This post is part of The Software Architecture Chronicles, a series of posts about Software Architecture. In them, I write about what I’ve learned on Software Architecture, how I think of it, and how I use that knowledge. The contents of this post might make more sense if you read the previous posts in this series.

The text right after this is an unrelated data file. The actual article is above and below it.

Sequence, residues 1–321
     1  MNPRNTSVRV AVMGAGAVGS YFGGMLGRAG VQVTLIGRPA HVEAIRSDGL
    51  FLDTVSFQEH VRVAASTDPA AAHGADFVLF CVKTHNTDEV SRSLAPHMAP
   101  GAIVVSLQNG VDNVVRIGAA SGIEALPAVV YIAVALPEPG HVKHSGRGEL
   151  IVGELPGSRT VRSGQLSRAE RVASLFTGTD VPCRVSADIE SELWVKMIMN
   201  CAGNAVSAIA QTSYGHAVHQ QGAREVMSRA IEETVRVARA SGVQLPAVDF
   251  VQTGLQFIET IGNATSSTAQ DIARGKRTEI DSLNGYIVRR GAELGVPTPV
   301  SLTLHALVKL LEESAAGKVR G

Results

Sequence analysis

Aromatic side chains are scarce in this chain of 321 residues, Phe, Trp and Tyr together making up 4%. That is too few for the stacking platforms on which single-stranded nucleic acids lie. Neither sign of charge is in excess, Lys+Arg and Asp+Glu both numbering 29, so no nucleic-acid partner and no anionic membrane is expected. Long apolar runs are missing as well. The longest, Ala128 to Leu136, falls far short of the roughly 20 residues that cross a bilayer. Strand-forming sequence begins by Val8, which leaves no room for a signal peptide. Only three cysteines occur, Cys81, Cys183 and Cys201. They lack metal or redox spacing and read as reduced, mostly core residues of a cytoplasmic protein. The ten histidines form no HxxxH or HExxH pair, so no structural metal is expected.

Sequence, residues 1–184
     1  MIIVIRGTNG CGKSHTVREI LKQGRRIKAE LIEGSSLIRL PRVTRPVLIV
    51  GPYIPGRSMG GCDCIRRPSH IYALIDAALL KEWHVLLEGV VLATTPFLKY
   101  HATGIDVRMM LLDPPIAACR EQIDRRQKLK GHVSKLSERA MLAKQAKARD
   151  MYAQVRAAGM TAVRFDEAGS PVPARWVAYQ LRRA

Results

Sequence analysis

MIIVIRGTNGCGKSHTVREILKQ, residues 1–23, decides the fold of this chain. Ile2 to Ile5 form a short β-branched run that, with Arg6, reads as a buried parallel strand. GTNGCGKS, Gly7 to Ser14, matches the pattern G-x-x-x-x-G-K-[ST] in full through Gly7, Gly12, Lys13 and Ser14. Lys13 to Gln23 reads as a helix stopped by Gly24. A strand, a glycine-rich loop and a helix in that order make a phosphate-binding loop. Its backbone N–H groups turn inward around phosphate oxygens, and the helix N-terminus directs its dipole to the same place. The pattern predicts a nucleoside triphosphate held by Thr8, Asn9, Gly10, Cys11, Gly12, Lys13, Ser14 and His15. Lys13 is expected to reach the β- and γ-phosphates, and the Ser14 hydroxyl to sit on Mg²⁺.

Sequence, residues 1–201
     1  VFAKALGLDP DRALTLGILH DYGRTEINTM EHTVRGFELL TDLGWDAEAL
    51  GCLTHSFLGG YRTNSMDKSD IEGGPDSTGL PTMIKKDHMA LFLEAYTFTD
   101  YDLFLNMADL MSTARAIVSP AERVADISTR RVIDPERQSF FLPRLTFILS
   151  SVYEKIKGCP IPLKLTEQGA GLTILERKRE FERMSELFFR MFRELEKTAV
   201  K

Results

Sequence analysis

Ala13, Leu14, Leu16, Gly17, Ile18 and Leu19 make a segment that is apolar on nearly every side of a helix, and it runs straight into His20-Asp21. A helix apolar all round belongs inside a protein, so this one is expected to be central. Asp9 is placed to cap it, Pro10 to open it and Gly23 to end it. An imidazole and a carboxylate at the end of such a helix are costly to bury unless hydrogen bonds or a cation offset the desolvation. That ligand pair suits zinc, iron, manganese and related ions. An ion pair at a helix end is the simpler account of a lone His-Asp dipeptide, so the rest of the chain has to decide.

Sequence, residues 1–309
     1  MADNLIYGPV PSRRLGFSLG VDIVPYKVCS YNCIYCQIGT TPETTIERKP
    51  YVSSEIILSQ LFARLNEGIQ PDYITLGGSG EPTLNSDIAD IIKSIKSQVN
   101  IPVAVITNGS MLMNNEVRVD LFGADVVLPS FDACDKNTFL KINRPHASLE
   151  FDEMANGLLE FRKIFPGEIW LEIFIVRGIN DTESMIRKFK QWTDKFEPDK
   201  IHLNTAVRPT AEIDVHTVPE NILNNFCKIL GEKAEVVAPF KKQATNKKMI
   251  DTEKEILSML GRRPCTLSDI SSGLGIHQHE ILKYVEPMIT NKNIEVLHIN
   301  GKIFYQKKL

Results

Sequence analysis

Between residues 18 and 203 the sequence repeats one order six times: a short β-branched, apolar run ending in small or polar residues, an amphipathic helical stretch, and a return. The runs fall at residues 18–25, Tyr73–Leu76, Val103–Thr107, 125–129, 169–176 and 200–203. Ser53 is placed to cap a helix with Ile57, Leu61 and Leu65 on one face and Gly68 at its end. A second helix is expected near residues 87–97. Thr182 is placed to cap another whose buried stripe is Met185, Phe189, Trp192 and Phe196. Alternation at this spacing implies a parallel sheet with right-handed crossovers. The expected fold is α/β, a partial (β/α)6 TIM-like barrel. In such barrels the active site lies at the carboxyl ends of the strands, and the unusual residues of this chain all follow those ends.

The Onion Architecture was coined by Jeffrey Palermo in 2008. As I see it, it builds on the Ports & Adapters Architecture by adhering to the idea of placing the domain in the centre of the application, externalising the delivery mechanisms (UI) and infrastructure used by the system (ORM, Search engines, 3rd party APIs, …). But it goes further and adds internal layers to it.